for HCV Based on Age, Not Risk Factors
More people with chronic hepatitis C could be identified and
treated if healthcare providers routinely screen all "baby
boomers plus" born between 1946 and 1970, rather than
only people traditionally considered at risk.
hepatitis C virus (HCV) infection
typically takes years or decades to progress to severe liver disease.
Many people now developing cirrhosis
or liver cancer
were infected as young adults in the 1960s-1970s, when HCV was not
yet identified and experimentation with drugs was more common.
providers generally offer HCV testing to people thought to be at
risk, including current or recent injection drug users, people who
received blood transfusions before donated blood was adequately
screened, and others with known or suspected exposure. The U.S.
Preventive Services Task Force does not recommend screening for
But this approach may not identify everyone at risk, leaving a significant
number of people with undiagnosed and untreated infection, according
to a study by Lisa McGarry and colleagues presented at the Digestive
Disease Week meeting (DDW) this week in Chicago. Funding for the
research was provided in part by Vertex Pharmaceuticals, which is
developing the new HCV protease inhibitor telaprevir
Approximately three-quarters of people with HCV are not aware they
are infected, and many will not be diagnosed until they are symptomatic,
at which point treatment is less effective, the researchers noted
as background. It is estimated that less than 3% percent of infected
individuals are screened each year.
team compared mathematical models of targeted HCV screening based
on birth year versus current risk-based screening. The birth cohort
screening model assumed that everyone born between 1946 and 1964
-- the "baby boomer" generation -- would be screened once
over a 5-year period, regardless of risk factors or liver disease
symptoms. Another model looked at a larger "baby boomer plus"
cohort of people born between 1946 and 1970. The researchers assumed
that 24% of people would be treated with standard interferon-based
therapy at the time of diagnosis, about one-third would be ineligible
for treatment, and 10% of untreated people would start therapy each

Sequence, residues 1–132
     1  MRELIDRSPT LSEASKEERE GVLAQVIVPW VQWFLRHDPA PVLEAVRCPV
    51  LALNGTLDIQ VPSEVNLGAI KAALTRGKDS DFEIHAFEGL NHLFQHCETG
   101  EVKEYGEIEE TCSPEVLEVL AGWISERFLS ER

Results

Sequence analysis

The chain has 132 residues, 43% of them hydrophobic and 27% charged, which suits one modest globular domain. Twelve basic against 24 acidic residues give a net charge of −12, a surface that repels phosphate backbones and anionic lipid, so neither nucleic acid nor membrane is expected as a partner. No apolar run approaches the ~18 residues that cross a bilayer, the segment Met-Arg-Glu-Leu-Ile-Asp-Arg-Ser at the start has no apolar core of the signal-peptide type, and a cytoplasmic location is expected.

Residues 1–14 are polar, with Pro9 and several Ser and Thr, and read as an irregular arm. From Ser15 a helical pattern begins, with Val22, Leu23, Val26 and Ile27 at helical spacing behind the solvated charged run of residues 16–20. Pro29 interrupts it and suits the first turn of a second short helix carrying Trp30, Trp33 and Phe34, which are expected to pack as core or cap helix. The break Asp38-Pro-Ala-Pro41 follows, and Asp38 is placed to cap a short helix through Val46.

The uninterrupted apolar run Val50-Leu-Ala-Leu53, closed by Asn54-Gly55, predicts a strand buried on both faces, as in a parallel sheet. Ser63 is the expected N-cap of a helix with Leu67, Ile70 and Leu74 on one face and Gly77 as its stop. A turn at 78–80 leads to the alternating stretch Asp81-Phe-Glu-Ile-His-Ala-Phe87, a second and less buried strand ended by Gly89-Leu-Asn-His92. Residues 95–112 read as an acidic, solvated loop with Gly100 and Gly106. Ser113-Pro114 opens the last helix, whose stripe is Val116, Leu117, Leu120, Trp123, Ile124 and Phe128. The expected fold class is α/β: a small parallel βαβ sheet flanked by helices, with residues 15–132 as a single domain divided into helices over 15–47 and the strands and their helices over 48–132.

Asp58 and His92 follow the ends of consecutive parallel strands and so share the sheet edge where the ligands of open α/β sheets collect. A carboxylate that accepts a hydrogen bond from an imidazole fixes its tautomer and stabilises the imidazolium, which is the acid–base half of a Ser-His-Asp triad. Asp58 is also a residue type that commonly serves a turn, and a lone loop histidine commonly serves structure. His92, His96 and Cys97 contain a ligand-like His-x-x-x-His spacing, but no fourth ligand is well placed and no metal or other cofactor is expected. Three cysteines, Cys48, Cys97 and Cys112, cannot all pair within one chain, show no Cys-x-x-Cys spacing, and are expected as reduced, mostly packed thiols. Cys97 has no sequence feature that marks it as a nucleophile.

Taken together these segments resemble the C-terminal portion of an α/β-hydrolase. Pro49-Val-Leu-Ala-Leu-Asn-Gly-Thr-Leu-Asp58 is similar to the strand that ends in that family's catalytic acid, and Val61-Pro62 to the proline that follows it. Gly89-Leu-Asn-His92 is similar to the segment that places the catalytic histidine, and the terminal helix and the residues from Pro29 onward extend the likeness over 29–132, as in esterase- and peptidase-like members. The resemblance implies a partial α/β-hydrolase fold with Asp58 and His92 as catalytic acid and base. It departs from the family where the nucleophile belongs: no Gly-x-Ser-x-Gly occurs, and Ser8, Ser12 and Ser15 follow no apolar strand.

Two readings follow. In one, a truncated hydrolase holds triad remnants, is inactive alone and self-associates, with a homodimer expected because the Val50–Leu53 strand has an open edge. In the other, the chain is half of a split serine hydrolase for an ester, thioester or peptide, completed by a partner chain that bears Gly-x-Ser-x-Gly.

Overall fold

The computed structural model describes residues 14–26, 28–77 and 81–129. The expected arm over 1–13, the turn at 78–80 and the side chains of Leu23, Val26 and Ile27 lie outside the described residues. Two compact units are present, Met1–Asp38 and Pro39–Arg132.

1946-1964 birth cohort approach would screen about 79 million
people vs 8 million using the risk-based approach.
than 1.3 million people would be diagnosed as having HCV using
the former approach compared with about 427,000 using the current
472,000 vs 234,000 people, respectively, would undergo hepatitis
404,000 vs 124,000, respectively, would achieve sustained virological
response, or a cure.
of liver disease outcomes would decrease with expanded screening:
cirrhosis: 112,881 fewer cases;
cirrhosis: 52,787 fewer cases;
carcinoma: 28,634 fewer cases;
transplants: 5,914 fewer cases;
deaths: 47,953 fewer cases.
Screening the "baby boomer plus" cohort would result
in approximately 106,000 fewer cases of advanced liver disease
and about 59,000 fewer HCV-related deaths.
screening would cost more than risk-based screening ($45.1 billion
vs $32.0 billion), but would reduce expenses related to advanced
liver disease ($21.7 billion vs $25.8 billion).
of new direct-acting anti-HCV drugs, which increase the cure rate
when added to pegylated interferon/ribavirin, would lead to even
greater reductions in advanced liver disease and death if age-based
screening were implemented, the researchers noted.
"Screening is potentially a smart investment, comparable to
widely accepted preventive health practices," McGarry said
in a press release issued by DDW. "In particular, screening
for HCV now may reduce future costs to Medicare."
Investigator affiliations; i3 Innovus, Medford, MA; Baylor University
Medical Center, Dallas, TX; Inova Health System, Falls Church, VA;
DiVita Clinical Research, Boston, MA; Harvard School of Public Health,
McGarry, GL Davis, ZM Younossi, et al. The Impact of Birth-Cohort
Screening for Hepatitis C Virus (HCV) Compared with Current Risk-Based
Screening on Lifetime Incidence of and Mortality from Advanced Liver
Disease (AdvLD) in the U.S. Digestive Disease Week (DDW 2011). Chicago.
May 7-11, 2011. Abstract 477.
Digestive Disease Week. Investigators Make Great Strides in Identifying
and Improving Screening Practices and Treatment for Liver Related
Diseases. Press release. May 8, 2011.